(a). Paul gives instructions to “women” (plural) in the beginning of chapter two (i.e. how to dress modestly, live of life of good works, etc…), but beginning with verse 11, Paul switches from the plural noun (women) to the singular noun (woman). The definitive article “the” is in the original Greek (i.e. “the woman”), not the unfortunate translation “a” woman (NIV; NASB). Paul moves from instructions to women in general (vs. 9-10) to a very direct instruction for a specific woman in verse 11. You can verify this quite easily with any online interlinear.
(b). The “she” in verse 15 is third person singular (again, the NIV and NASB unfortunately mistranslates the third person singular Greek pronoun in v. 15 with the plural English noun “women”). The “she” of verse 15 is the same woman in verse 11 and verse 12. She is the woman who needs correcting.
(c). “…if they continue” (v.15). The word “they” is the accurate translation of the third person plural used by Paul. This plural pronoun identifies not only the woman doing the teaching, but also the man whom she is deceiving (“the woman” and “the man” of v. 12).
(d). The verb “continue” is in the aorist active subjunctive. This verb’s tense confirms that the instructions Paul gives in vs. 11-15 are designed for the woman and the man in question (v. 12), to two people who are alive at the time Paul is writing and not to those who are either dead or not yet born (i.e. Eveor women in general).
(2). The woman in question was teaching error out of her ignorance and should be shown mercy.
Mercy and love toward false teachers is one of the themes of letter we call I Timothy, particularly because the assembly at Ephesus was a church filled with people from pagan backgrounds: “As I urged you upon my departure for Macedonia, remain on at Ephesus so that you may instruct certain men not to teach strange doctrines, nor to pay attention to myths and endless genealogies, which give rise to mere speculation rather than furthering the administration of God which is by faith. But the goal of our instruction is love from a pure heart and a good conscience and a sincere faith” (I Timothy 1:3-5).
Paul has already spoken of the ignorance he was in before he was taught the truth: “(I) was a blasphemer, and a persecutor, and insolent; but I received mercy, because being ignorant I did it in unbelief“ (I Timothy 1:13).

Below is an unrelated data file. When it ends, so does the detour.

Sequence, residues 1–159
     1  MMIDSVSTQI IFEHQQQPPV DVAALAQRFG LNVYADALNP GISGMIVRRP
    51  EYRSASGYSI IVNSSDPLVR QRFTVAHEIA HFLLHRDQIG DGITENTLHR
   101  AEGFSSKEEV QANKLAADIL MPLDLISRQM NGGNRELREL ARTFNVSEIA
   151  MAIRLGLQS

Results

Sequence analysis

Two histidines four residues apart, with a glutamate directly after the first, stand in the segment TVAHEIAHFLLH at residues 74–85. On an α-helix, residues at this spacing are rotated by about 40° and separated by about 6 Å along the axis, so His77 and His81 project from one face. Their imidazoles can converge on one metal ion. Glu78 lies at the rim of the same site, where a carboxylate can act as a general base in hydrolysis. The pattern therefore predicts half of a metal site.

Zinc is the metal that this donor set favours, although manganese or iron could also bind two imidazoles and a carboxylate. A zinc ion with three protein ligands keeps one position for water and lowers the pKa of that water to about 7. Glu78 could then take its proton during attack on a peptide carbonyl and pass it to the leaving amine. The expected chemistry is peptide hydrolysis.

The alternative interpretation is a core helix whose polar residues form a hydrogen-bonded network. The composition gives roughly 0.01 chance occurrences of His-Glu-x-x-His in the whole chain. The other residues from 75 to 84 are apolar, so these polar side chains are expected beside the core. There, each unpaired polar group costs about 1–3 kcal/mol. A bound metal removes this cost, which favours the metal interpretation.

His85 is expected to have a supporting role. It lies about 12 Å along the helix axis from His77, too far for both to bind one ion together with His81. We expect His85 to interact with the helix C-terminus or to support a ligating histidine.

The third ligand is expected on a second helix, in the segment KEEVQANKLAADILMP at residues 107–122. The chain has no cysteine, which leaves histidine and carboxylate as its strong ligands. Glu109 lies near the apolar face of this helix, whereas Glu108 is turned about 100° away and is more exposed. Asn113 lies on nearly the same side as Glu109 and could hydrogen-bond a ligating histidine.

Paul mentions how Eve sinned in ignorance: “…it was the woman (Eve) who was deceived and became a sinner” (I Timothy 2:13). The entire first two chapters of I Timothy are leading up to Paul expressing sympathy toward, and encouraging Timothy to display love to, that woman teaching error. We know that Paul wrote this letter in response to problems Timothy was facing in Ephesus, and those problems were known by Paul (I Timothy 3:14-15). This is a personal letter, not a general epistle, and proper interpretation requires the reader to delve into why Paul wrote the letter in the first place.
(3). Paul expressed hope that this woman will be saved by Christ, even though she is in error.
Verse 15 “she will be saved through (the) childbearing” is a reference to the the woman’s salvation through the Incarnation of Christ (the childbearing). The word teknogonia is used just once in Scripture and the word is NOT a verb (childbearing)–it is a noun (THE childbearing). This is a reference to the Messiah, who was born from a woman despite the deception of Eve. The Messiah came to destroy the destroyer, to crush the head of the Serpent who deceives, and the deceived woman of I Timothy 2 will be saved through “the childbearing” if stops teaching heresy, learns of Christ in complete submissiveness (v. 11), and continues in“faith, love, and holiness in propriety.”
(4). Scripture only expresses a prohibition on women teaching error, never on women teaching men.
A similar passage to I Timothy 2:11-15 is Revelation 2:20: “But I have this against you, that you tolerate the woman Jezebel, who calls herself a prophetess, and she teaches and leads My bond-servants astray so that they commit acts of immorality and eat things sacrificed to idols.”
The problem with Jezebel was not that she “teaches and leads.” The problem with Jezebel was that she taught and led others “astray.” The only solution for a woman who teaches and leads astray is for her to first learn the truth. This is precisely the solution Paul proposes to Timothy for the woman of I Timothy 2. She must first learn “in quietness and full submission” (v.11). By the way, this is also a good practice for any man who is teaching error. He should be confronted and told to FIRST learn in quietness and submission before he attempts to teach.
(5). The people who misinterpret Paul and attempt to prohibit women from teaching or leading men are ignoring the entire tenor and teaching of the New Testament.
God empowers His people through giftings and anoints His people to fulfill their calling through the Holy Spirit. The giftings of God are never distributed according to gender. The calling of God is never limited according to physiology. When the daughters of Philip prophecied, it was by the giftings of God and the anointing of the Spirit. When Anna taught the men in the Temple it was in fulfillment of the calling of God on her life and through the giftings and anointing of the Spirit. From Priscilla, to Lydia, to Junia, to Phoebe, and to all the rest of the New Testament women God used to expand His kingdom through prophesying, teaching and leading other men and women, God has gifted and anointed as many women as He has men.
Let’s not traditions trump truth.